President Trump’s executive order to ban refugees from Iran, Iraq, Libya, Somalia, Sudan, Syria, and Yemen from coming into the United States, known as “The Muslim Ban,” is what we often talk about and see on news regarding any refugee status or immigration policy. However, is the Muslim Ban what really affects the arrival of refugees in American cities such as Colorado Springs?
Laura Liibbe is the community programs coordinator at Lutheran Family Services, Colorado’s local organization that is responsible for refugee settlement, among other affairs. Liibbe studied international development and teaches English as a second language, which was what inspired her to get involved with the organization. Her work primarily entails connecting refugees to the resources they need in Colorado Springs. She has been working with LFS for six years.
The U.S. does not only receive refugees from the countries listed above; it receives other refugees from the Democratic Republic of the Congo, Chad, Rwanda, and Burundi. Liibbe argues that the Muslim Ban is not the only policy that made refugees’ arrival harder. Trump did not only implement “The Muslim Ban” or “The Refugee Ban,” but he also he put a hold on the resettlement program that affected those other countries as well. The hold stopped the processes of reviewing resettlement cases for 120 days.
When the refugee ban was finally lifted, people believed that refugees could again enter the U.S.. However, Trump had already implemented secretive policies that were not at the forefront of the news, so refugees were still not granted access to the country.
The security processes that Trump altered made it impossible for some cases to be processed. The security screening process usually entails refugees providing medical documents, background checking, verification of their refugee status, and their employment history for 10 years. That process is already difficult for some refugees to fulfill, especially if they fled their country and do not have access to their official documents. This process was made more difficult by mandating a 15 or 20 year verification of employment and other documents.
Trump also took resources from refugee reviewing processes that were reallocated to U.S. asylum cases. Liibbe emphasized that this move was not necessarily bad, but she criticizes the shift of resources instead of investing in new and increased resources. The refugee reviewing process is now significantly slower due to the loss of financial support and expertise. Each year, the President chooses a number of refugees to accept. This year, Trump’s administration decided on 45,000, but due to the slowed nature of the process, only 18,000 are expected to be approved and able to enter this year.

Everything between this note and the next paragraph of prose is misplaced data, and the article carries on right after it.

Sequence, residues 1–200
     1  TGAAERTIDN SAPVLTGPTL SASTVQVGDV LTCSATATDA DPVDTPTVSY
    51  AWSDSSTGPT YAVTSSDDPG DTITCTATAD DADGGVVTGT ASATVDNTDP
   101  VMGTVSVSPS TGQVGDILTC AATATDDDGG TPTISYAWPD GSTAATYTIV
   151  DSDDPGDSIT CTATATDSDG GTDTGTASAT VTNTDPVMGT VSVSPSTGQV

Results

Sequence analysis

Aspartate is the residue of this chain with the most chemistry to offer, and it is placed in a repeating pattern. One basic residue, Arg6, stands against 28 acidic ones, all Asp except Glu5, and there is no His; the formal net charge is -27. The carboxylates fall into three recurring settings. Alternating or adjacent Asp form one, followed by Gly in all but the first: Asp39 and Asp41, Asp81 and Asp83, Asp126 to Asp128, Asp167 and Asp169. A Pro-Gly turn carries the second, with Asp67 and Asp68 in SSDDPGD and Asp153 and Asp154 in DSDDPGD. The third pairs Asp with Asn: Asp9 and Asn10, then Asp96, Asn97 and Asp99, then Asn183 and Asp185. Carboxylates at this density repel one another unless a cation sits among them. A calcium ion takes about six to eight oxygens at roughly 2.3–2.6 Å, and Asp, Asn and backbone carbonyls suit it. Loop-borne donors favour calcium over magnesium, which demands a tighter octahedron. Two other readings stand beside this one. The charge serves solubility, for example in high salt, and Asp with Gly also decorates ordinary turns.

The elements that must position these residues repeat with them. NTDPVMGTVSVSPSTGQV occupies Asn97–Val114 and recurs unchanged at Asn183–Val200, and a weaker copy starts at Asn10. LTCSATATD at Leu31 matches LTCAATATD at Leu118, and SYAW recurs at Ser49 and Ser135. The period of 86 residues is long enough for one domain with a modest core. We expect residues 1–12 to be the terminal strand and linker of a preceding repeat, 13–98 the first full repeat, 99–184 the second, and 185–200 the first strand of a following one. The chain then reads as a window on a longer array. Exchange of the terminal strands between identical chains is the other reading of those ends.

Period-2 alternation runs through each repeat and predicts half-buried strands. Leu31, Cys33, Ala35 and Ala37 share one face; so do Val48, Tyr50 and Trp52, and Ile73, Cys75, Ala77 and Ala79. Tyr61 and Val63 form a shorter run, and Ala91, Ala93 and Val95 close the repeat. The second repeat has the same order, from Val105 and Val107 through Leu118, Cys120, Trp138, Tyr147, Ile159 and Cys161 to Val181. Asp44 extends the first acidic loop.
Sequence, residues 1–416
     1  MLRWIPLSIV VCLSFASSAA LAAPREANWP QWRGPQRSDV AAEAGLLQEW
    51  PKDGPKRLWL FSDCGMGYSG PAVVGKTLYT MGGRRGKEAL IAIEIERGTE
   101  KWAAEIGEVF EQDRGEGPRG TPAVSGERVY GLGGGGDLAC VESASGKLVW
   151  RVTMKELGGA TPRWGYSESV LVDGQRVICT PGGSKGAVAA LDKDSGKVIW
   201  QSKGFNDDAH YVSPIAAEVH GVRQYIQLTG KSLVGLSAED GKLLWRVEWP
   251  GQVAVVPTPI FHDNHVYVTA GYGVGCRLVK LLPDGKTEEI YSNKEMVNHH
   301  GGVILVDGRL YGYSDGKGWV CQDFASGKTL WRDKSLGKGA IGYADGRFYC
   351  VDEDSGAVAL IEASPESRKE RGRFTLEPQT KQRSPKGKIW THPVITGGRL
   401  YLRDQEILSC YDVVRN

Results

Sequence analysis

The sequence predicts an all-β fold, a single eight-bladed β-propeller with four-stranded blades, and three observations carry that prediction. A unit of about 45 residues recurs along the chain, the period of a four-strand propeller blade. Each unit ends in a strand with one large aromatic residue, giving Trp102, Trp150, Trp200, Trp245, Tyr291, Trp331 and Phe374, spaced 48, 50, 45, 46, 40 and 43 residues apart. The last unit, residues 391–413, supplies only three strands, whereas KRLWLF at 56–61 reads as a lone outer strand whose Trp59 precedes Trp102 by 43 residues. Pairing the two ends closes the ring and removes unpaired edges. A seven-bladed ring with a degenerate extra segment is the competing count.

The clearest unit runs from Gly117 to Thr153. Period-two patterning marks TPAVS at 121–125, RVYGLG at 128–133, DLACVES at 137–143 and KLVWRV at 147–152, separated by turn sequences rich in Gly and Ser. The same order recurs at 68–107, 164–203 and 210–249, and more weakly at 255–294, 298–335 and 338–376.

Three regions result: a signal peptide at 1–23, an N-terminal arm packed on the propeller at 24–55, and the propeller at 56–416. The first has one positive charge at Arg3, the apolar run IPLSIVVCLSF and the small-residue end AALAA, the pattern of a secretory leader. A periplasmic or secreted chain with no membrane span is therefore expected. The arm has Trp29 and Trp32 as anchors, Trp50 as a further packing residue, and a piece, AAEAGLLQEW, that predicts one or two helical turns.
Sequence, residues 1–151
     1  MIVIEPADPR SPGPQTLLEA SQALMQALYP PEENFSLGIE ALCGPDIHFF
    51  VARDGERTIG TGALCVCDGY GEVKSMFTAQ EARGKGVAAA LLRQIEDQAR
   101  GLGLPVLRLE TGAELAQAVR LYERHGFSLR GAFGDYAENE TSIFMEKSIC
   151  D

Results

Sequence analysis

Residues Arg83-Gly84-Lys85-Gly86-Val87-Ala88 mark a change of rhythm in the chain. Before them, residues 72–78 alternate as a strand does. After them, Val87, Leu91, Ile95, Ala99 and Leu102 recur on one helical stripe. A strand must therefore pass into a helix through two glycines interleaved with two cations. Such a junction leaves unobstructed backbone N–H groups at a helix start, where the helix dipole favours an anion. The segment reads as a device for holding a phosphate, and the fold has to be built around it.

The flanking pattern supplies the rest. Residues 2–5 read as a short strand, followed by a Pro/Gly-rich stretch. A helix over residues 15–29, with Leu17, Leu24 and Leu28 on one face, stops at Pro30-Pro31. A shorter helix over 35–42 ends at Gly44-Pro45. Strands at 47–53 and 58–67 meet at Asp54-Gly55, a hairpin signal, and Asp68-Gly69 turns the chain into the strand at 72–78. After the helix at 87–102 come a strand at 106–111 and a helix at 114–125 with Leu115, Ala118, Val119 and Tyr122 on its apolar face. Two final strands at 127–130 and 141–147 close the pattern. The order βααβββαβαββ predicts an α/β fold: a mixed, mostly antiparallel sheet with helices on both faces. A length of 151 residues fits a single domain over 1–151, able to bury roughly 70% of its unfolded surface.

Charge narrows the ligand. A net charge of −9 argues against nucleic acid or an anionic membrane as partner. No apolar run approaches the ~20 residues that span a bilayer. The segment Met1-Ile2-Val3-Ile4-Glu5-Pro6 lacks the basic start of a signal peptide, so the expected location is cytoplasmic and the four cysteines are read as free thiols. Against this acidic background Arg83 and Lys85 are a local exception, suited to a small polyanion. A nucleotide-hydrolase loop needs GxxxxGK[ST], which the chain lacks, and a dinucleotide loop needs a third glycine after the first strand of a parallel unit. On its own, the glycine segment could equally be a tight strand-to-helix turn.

The trends these policies created can be tracked in the Colorado Springs community as well. LFS progress is currently very slow because of the political climate. LFS usually has one month with an uptick of refugee arrivals and then a slow decrease afterwards. However, LFS has not received any refugees or immigrants for a long time. Last fiscal year, LFS should have received 150 refugees, but they only received 70. For the current fiscal year, LFS is supposed to receive 100 refugees but has only received 30 since October. LFS does not have any cases waiting for settlement.
Liibbe emphasized that the city of Colorado Springs has the resources, the capacity, and the capabilities to receive refugees. In the past, they have settled 150 refugees a year with ease. Now, Liibbe insists that we will see a major decrease in that number. This decrease will deeply affect the LFS partnerships because their government funding is dependent on how many refugees they settle.
Liibbe expressed that when she first started working at LFS, teamwork was crucial because they were a lot busier and understaffed. They used to work as a family on every case. Now, LFS has decreased its staff, laying off one person. That is a huge change because they were already a very small staff. If this trend continues, offices around the country will lose valuable expertise. This expertise may be needed if the resettlement program comes back to full capacity.
In spite of Colorado Springs’ reputation as a conservative, right-wing city, Liibbe highlighted that they receive a great deal of support from churches, organizations, and citizens who volunteer for LFS. Sometimes, their volunteers’ hours exceed those of the Denver office. Liibbe sees Colorado Springs as a very welcoming community, as LFS continually receives bipartisan support.